In particular, the Office of the Comptroller of the Currency is already moving in this direction.

Acting Controller Michael Hsu said in a speech last month that the office under his leadership “is focused on developing effective climate risk management guidelines for large banks, in collaboration with our interagency peers.”

Opposition to Omarova

Solomon, the former head of the OCC, said that when it comes to climate-related financial regulation, there is no doubt about the direction agencies are taking given the growing attention to the issue. within the Office of the Comptroller of the Currency, in the United States and internationally. world.

“On the climate issue,” Solomon said, “it seems to me that if Acting Controller Hsu remains in place or Professor Omarova is confirmed, the OCC leadership will want to promote a climate change policy such as stated by the [Biden] administration.”

Even so, Salomon pointed out, “who is in which chair matters a lot.”

It’s hard to say for sure where Omarova stands on specific policy ideas to protect the banking sector from climate-related risks. “She has never been climate-focused in her work,” said Robert Hockett, a Cornell University law professor who has worked closely with Omarova for much of the past decade.

Omarova weighed in on the matter in some ways. Last year, for example, she wrote a paper arguing that Congress should establish a national investment authority to implement a long-term economic development strategy. The NIA is said to aim to “bridge the institutional gap” between the Treasury Department and the Federal Reserve to inject dollars into projects – climate related among them – which are underfunded.

And in 2020, when Wells Fargo & Co. and JPMorgan Chase & Co. suffered significant losses due in part to failed loans to struggling fossil fuel companies amid the early months of the COVID pandemic- 19, said Omarova in an interview with E&E News that the losses ‘crystallize’ the long-term risks posed by the oil, gas and pipeline industries (Climate wire, July 17, 2020).

Despite this, Omarova has not made her position clear on issues such as climate-related banking supervision, stress testing, etc.

That doesn’t seem to bother finance-focused environmentalists – who cite her time at Cornell, her former roles as Special Advisor to President George W. Bush’s Treasury Department, and her tenure at the Davis Polk law firm as evidence that she is highly qualified for the role. The Sierra Club and Evergreen Action were among those who welcomed Biden’s choice and urged the Senate to confirm Omarova as soon as possible.

“The Comptroller of the Currency has a critical role to play in preventing a climate-induced economic catastrophe from destroying our entire financial system,” Jamal Raad, executive director of Evergreen Action, said in a statement. “With the appointment of Willow Omarova, President Biden has chosen someone who is not afraid to take on Wall Street and has supported bold federal investments in clean energy for the climate.”

Republican lawmakers and industry groups, however, have raised concerns. The Chamber of Commerce, the American Bankers Association, the Independent Community Bankers of America, and Sen. Pat Toomey (R-Pa.) – who chairs the committee that will review Omarova’s appointment – have criticized various ideas that Omarova has put forward in previous academic articles. .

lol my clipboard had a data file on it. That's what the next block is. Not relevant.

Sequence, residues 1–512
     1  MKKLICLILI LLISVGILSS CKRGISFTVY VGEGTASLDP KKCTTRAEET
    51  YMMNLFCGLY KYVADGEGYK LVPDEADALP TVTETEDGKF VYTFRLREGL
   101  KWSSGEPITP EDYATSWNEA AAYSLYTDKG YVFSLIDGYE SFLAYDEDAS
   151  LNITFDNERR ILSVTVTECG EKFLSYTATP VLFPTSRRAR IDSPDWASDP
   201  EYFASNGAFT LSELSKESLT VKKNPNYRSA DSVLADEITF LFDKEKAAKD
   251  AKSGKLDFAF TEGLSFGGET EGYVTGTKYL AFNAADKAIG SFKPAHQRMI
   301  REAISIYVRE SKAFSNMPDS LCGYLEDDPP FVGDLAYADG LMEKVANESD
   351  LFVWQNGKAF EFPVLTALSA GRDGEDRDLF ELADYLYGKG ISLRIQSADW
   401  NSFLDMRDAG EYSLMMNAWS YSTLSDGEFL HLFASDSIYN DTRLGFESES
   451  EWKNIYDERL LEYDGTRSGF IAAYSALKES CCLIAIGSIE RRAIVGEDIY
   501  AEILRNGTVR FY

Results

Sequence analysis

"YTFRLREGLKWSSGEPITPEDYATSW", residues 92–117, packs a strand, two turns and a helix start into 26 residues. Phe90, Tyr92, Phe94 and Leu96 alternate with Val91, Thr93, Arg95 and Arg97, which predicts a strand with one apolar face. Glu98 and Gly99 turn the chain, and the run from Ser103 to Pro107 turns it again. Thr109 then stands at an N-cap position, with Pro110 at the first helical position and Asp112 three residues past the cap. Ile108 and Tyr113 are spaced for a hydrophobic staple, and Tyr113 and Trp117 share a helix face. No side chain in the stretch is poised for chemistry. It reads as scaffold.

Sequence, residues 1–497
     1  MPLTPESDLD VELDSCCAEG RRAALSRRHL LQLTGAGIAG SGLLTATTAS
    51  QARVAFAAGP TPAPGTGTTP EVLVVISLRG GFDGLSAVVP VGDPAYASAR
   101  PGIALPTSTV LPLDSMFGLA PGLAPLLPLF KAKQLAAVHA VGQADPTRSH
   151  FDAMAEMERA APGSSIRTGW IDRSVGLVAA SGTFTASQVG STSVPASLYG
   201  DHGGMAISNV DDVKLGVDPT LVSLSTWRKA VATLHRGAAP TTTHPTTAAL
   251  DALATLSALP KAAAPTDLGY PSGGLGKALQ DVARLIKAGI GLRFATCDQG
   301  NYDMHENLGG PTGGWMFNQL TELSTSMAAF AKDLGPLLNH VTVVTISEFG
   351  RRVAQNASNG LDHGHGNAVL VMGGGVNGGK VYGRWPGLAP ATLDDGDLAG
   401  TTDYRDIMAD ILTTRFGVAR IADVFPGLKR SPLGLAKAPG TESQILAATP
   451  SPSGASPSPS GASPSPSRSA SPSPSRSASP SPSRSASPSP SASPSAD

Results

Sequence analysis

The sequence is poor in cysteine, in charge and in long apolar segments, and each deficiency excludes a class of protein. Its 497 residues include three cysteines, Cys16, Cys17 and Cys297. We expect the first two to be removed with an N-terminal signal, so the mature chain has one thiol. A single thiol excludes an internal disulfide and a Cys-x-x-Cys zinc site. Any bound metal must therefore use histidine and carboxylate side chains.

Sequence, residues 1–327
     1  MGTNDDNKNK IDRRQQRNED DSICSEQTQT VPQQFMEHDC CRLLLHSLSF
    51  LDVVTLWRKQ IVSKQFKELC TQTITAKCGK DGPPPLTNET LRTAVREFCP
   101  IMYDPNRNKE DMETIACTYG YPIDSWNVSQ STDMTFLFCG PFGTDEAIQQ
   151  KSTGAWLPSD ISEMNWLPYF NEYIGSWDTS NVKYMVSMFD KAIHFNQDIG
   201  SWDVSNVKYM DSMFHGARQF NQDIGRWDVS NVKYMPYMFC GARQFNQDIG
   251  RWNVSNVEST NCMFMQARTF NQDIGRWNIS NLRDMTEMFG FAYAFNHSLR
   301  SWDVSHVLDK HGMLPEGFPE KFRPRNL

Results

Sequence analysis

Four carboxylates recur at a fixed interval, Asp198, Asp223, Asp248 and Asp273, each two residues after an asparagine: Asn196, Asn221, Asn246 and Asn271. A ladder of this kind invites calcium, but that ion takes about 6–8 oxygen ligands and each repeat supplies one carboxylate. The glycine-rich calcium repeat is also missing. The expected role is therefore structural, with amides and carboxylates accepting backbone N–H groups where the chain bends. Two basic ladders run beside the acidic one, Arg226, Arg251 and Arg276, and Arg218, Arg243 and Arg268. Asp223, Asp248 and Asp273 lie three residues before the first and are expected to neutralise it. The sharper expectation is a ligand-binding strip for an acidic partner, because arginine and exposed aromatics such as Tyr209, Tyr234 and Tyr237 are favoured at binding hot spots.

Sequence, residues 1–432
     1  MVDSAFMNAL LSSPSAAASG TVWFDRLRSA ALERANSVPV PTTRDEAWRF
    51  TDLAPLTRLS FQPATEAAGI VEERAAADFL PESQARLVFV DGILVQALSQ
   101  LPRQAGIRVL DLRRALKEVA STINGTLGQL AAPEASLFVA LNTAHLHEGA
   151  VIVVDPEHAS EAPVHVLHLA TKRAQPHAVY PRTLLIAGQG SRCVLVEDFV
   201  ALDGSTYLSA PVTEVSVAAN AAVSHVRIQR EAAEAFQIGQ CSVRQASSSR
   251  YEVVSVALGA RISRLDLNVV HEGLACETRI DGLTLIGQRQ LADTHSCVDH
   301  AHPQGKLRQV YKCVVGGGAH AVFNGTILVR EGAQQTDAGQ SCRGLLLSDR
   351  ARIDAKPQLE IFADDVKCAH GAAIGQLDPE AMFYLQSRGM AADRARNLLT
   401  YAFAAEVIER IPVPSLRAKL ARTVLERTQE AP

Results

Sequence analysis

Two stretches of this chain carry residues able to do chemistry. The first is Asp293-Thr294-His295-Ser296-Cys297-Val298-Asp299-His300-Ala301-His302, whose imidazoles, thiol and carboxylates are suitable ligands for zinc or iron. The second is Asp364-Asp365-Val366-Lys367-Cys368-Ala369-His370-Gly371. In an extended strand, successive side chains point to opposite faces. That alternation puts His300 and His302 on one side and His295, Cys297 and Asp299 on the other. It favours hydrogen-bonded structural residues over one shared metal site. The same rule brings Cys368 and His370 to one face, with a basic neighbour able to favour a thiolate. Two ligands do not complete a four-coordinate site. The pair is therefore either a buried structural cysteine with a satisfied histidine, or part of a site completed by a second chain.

“Ms. Omarova called for ‘radically reshaping the basic architecture and dynamics of modern finance,’ including nationalizing retail banking and asking the Federal Reserve to allocate credit,” Toomey said in a statement. communicated. “She also pleaded for” to effectively end[ing] banking as we know it.

The House adopted a similar tone. The business group said in a statement that it “strongly opposes” Omarova’s appointment because her “academic writings are outside the mainstream of either of the major political parties and, s ‘they are implemented, would lead to an almost complete takeover of the banking sector by the government.

Neither the ABA nor the Bank Policy Institute have officially responded to questions about their position on Omarova, or on climate-related regulation more generally.

Omarova’s supporters rejected the argument. They say the articles Omarova’s critics refer to were academic thought experiments – not serious policy proposals that inform how Omarova would approach her work at the Office of the Comptroller of the Currency.

Moreover, these ideas are “really unrelated to the mission of the OCC,” said Allen, the professor at the American University. “So I think it’s kind of been used like a duck to cover up the fact that the real concern about her is that she’s going to be tough on the banks and make sure the financial system stays safe and sound.”

Allen said the approach would mark a significant departure from the office’s “patronage history” of “expanding banking” and “serving banks as customers.”

Hockett, who has co-authored numerous Omarova articles, agreed. He said he believed the industry was concerned about Omarova’s research that highlighted the risks cryptocurrency, fintech companies and other trends pose to economic stability.

According to the law firm Gibson Dunn, a recurring theme in Omarova’s work is that banking regulation is too narrowly focused on “micro” problems and solutions and that a new financial sector may be needed.

This way, Hockett said, Omarova’s critics “know that her relevant work is not really wrong. It’s just stuff they don’t like because it shows she’s in favor of regulating them.